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Wildbuzz | From dating a bird to the Whatsapp monster

“Where lies beauty and where lies ugliness are not matters poles apart. Appreciation or dread may lie entirely in the beholder’s eye. Humans may look upon muddy, filthy waters with a disapproving eye but the lotus spurts heartily from such nutrient-rich habitats.”

punjab Updated: Jun 04, 2017 23:19 IST
Vikram Jit Singh
Vikram Jit Singh
Hindustan Times
A Pied cuckoo in the Thappli jungles on June 1.(JATINDER VIJH)

The ‘rain bird’, celebrated in Indian folklore as the harbinger of the monsoons, has arrived in the tricity after a long migration from Africa! One specimen of this summer migrant to India, the Pied or Jacobin’s cuckoo, was observed at the Sukhna Lake Nature Trail on June 1, 2017, by this writer while a pair was spotted at the Thappli forests near Chandimandir on the same date by the Manimajra-based former HMT Joint General Manager and bird photographer, Jatinder Vijh.

Last year, the first sighting of the cuckoo for the tricity region was May 30, 2016, at the lake’s ‘Bird Walk’ by this writer. The earliest recorded summer sighting of the cuckoo for the tricity region was May 23, 2009, by this writer at the 16th hole of the Shivalik Golf Club (SEPTA), Chandimandir.

This was the year the National Centre for Biological Sciences, Bangalore, launched an innovative citizen science programme, Migrant Watch (MW), of nation-wide surveys to study arrivals of these cuckoos and other avian migrants. The cuckoo, which is a weak flier, adeptly utilises monsoon winds blowing from the Horn of Africa to migrate 1,500-2,000km to the Indian coastline. The cuckoos then fly deeper into India and cunningly lay eggs in nests of Turdoides babblers, which incubate the eggs and bring up the cuckoo chicks like doting, unsuspecting foster parents.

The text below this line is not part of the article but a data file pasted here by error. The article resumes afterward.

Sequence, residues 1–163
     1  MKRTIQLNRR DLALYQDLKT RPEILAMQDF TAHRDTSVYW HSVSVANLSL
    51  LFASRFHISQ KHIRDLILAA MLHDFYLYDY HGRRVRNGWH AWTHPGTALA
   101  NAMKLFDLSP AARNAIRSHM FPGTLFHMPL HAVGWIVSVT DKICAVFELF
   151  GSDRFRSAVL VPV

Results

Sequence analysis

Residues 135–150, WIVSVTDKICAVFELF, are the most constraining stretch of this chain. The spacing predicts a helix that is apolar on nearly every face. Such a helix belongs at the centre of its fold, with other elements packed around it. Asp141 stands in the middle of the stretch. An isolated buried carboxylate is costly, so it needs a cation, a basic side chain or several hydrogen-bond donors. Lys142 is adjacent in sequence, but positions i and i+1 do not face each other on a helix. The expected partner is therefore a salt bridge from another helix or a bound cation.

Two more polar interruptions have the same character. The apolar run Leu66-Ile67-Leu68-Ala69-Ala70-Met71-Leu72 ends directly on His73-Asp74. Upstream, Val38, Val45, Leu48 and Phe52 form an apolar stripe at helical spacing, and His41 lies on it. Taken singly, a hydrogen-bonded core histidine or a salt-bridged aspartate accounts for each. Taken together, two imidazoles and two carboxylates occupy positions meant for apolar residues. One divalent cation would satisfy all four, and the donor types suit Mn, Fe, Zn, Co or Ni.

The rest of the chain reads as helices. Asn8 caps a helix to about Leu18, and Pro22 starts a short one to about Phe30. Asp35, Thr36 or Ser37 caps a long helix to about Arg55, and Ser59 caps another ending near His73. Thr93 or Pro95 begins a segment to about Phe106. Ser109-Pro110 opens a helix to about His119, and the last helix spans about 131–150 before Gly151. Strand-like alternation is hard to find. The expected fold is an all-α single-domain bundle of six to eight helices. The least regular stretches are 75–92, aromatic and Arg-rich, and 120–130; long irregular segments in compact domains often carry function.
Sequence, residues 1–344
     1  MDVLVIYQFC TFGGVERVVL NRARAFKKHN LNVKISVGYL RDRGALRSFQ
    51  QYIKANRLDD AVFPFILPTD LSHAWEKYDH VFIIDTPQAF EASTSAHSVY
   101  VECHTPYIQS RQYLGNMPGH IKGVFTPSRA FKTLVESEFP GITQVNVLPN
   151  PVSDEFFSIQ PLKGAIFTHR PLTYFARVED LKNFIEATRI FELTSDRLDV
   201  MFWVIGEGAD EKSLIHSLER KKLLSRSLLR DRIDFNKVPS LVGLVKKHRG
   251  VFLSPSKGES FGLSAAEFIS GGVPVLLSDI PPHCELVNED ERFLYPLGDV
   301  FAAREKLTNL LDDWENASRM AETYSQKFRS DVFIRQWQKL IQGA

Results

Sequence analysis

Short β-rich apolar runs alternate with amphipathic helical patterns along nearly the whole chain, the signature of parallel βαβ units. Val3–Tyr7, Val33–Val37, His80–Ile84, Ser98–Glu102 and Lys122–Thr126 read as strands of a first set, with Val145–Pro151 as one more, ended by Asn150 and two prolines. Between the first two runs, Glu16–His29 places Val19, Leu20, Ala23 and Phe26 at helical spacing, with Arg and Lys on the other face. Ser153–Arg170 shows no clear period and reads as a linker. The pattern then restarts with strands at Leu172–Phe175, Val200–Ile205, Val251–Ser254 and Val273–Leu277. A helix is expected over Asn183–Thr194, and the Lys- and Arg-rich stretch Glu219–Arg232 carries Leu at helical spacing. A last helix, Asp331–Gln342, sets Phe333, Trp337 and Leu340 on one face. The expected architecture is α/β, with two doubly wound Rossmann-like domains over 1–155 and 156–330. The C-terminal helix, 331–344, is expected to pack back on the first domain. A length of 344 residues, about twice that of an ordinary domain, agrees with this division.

The Common bronzeback tree snake in the bathroom of a bungalow in Sector 9, Chandigarh. (WHATSAPP)

The Whatsapp monster

A thin, very long-looking snake on a washroom floor has caught the imagination of WhatsApp users in Chandigarh. The image, which originated from a Sector 9 posh bungalow, first circulated on a WhatsApp group of domestic helps and then into the WhatsApp circles of the masters and mistresses of the domestic helps, and further, across the tricity. Naturally, it led to an excitement tinged with fear in varied WhatsApp groups. After all, the frenzied imagination does wander into that realm of possibility wherein the serpent emerges from a hiding place behind the toilet commode or within the folds of the commode just as an unsuspecting user was engaged in answering nature’s call!

Well, had the person a less-than-stout heart, arrest of the cardiac muscles would have been a real possibility even if the snake had not bitten him/her. On the other hand, had the snake bitten nastily at the worst or most tender spot, and the person possessed a strong heart, no calamity would have befallen the human. This is because the snake in the WhatsApp image is a non-venomous species. Snake expert, Vivek R Sharma, identified it as the ‘Common bronzeback tree snake’ (Dendrelaphis tristis), which can grow up to 5 feet. Sharma’s comments make it clear that the Whatsapp snake is not a 10-foot long monster as some excited viewers reckoned. This species lives in tree holes and can slither into homes/apartments through adjacent open windows.

Common kingfishers on lotuses at Ranganathittu bird sanctuary, Karnataka. (NAGENDRA BHAT MATTIGHATTA)

Beauty or beast

Where lies beauty and where lies ugliness are not matters poles apart. Appreciation or dread may lie entirely in the beholder’s eye. Humans may look upon muddy, filthy waters with a disapproving eye but the lotus spurts heartily from such nutrient-rich habitats.

If a sparkling blue Common kingfisher perches or sways gently on a lotus bud cupped in pink while scanning the waters below for fish, the scene will exert a magical influence on the human eye. But for the fish flitting in the waters, the sight of the kingfisher on lotus will incite fear and loathing of a horrible monster lurking above and armed with a spear, not a so-called bill.

A dragon that needs to gulp fish blood to give the feathers a peacock blue. Something akin to this may be felt by victims of Daesh (Islamic State) jehaadis, as they look up for the last time, and the bigot’s cleaver hovers above, lusting for a plunge into a juicy neck!

Wildlife photographers do not bother about such layers of perception and for them, a lotus and kingfisher is a dream come true. Nagendra Bhat Mattighatta clicked some of the most iconic images of the lotus-kingfisher at the Ranganathittu bird sanctuary, Karnataka.

Nagendra secured his award-winning images, which are the envy of peers, after much labour and application of technique and patience. The images need no further recommendation as they speak more than a 1,000 words.

vjswild1@gmail.com

First Published: Jun 04, 2017 13:51 IST